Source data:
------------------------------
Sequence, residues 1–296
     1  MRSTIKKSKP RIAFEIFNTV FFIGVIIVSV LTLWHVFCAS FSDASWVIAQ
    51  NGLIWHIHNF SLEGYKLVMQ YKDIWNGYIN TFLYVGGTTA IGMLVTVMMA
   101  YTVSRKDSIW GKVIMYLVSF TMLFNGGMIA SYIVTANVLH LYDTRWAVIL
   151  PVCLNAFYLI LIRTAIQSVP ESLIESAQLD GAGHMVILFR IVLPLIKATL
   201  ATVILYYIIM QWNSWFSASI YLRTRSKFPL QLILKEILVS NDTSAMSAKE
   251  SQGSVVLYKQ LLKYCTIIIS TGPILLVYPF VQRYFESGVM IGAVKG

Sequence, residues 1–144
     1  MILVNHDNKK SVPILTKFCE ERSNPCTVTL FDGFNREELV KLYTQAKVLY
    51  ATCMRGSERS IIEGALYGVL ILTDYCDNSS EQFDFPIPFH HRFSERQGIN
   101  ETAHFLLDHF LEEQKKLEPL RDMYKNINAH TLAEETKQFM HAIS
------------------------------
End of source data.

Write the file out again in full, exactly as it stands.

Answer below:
Sequence, residues 1–296
     1  MRSTIKKSKP RIAFEIFNTV FFIGVIIVSV LTLWHVFCAS FSDASWVIAQ
    51  NGLIWHIHNF SLEGYKLVMQ YKDIWNGYIN TFLYVGGTTA IGMLVTVMMA
   101  YTVSRKDSIW GKVIMYLVSF TMLFNGGMIA SYIVTANVLH LYDTRWAVIL
   151  PVCLNAFYLI LIRTAIQSVP ESLIESAQLD GAGHMVILFR IVLPLIKATL
   201  ATVILYYIIM QWNSWFSASI YLRTRSKFPL QLILKEILVS NDTSAMSAKE
   251  SQGSVVLYKQ LLKYCTIIIS TGPILLVYPF VQRYFESGVM IGAVKG

Sequence, residues 1–144
     1  MILVNHDNKK SVPILTKFCE ERSNPCTVTL FDGFNREELV KLYTQAKVLY
    51  ATCMRGSERS IIEGALYGVL ILTDYCDNSS EQFDFPIPFH HRFSERQGIN
   101  ETAHFLLDHF LEEQKKLEPL RDMYKNINAH TLAEETKQFM HAIS